High C-Reactive Protein Is Associated with Poor Sleep Quality Independent of Nocturnal Symptoms in Patients with Inflammatory Bowel Disease

Wilson RG1, Stevens BW, Guo AY, Russell CN, Thornton A, Cohen MA, Sturgeon HC, Giallourakis C, Khalili H, Nguyen DD, Yajnik V, Sauk J, Ananthakrishnan AN. Dig Dis Sci. 2015 Feb 21. [Epub ahead of print]
Author information

1Division of Gastroenterology, Massachusetts General Hospital, Boston, MA, USA.


BACKGROUND: Sleep disruption is common in inflammatory bowel diseases (IBD). However, studies demonstrating a similar prevalence in irritable bowel syndrome suggest that nighttime disruption due to diarrhea and abdominal pain may be key drivers of poor sleep quality. Whether inflammation is associated with poor sleep independently has not been examined previously.

METHODS: This single-center study included subjects with IBD recruited to an ongoing prospective registry who completed a questionnaire assessing sleep quality and mood. Inflammatory marker levels [C-reactive protein (CRP), erythrocyte sedimentation rate] and clinical disease activity including nighttime disruption on the day of enrollment were obtained from the medical record. Logistic regression models were used to identify predictors of sleep quality.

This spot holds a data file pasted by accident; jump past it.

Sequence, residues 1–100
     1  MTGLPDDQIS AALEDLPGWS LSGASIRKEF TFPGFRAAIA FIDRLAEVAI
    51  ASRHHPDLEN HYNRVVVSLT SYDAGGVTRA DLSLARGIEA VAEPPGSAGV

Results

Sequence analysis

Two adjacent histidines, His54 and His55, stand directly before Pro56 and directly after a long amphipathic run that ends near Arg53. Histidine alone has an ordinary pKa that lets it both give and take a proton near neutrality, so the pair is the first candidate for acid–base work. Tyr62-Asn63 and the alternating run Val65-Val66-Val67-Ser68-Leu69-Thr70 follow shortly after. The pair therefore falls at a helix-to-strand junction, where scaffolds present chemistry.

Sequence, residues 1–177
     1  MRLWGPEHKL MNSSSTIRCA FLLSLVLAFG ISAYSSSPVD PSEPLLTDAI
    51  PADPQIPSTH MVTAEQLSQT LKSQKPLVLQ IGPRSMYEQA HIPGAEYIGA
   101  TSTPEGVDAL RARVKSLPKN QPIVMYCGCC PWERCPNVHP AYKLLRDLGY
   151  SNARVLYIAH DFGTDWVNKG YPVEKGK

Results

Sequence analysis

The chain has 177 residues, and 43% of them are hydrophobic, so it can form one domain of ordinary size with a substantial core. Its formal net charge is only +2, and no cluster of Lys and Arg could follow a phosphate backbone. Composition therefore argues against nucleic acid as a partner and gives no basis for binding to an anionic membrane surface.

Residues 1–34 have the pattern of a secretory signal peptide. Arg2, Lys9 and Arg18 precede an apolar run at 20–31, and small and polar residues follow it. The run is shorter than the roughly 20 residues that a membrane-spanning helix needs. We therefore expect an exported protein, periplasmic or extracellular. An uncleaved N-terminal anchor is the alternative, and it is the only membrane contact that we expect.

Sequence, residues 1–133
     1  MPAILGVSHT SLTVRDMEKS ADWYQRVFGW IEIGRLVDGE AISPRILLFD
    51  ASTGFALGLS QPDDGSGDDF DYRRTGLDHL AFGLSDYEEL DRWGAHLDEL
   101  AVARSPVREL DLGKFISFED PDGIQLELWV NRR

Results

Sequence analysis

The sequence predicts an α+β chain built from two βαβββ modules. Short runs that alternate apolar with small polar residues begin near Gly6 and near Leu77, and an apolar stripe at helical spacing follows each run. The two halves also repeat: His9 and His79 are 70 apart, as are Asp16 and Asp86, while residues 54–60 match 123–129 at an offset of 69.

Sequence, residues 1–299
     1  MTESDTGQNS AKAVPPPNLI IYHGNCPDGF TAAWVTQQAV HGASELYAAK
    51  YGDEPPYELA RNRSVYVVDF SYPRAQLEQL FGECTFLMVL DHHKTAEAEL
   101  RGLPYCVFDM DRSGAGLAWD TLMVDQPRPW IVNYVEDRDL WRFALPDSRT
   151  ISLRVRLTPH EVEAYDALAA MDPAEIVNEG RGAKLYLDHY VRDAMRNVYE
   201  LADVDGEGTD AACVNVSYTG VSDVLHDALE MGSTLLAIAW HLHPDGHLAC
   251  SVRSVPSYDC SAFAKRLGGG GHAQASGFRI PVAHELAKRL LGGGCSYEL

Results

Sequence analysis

RESULTS: The study included 131 subjects (72 women) with a median age of IBD diagnosis of 25 years. Twenty-three subjects (19 %) had a high C-reactive protein level (≥8 mg/dL). Poor sleep was more common in those with high CRP levels than with normal values (70 vs. 39 %, p = 0.009). This association remained significant on multivariate analysis [Odds ratio (OR) 4.12, 95 % confidence interval (CI) 1.38-12.29]. Adjusting for the presence of nighttime disruption did not significant alter this association (OR 3.16, 95 % CI 1.01-9.90). High CRP correlated with poor sleep even in patients not experiencing nocturnal symptoms (n = 101, OR 4.89, 95 % CI 1.24-19.36).

CONCLUSION: High CRP is associated with poor sleep quality in IBD independent of the presence of nighttime disruptions, suggesting that a relationship exists between circulating inflammatory markers and sleep.

© Copyright 2013-2024 GI Health Foundation. All rights reserved.
This site is maintained as an educational resource for US healthcare providers only. Use of this website is governed by the GIHF terms of use and privacy statement.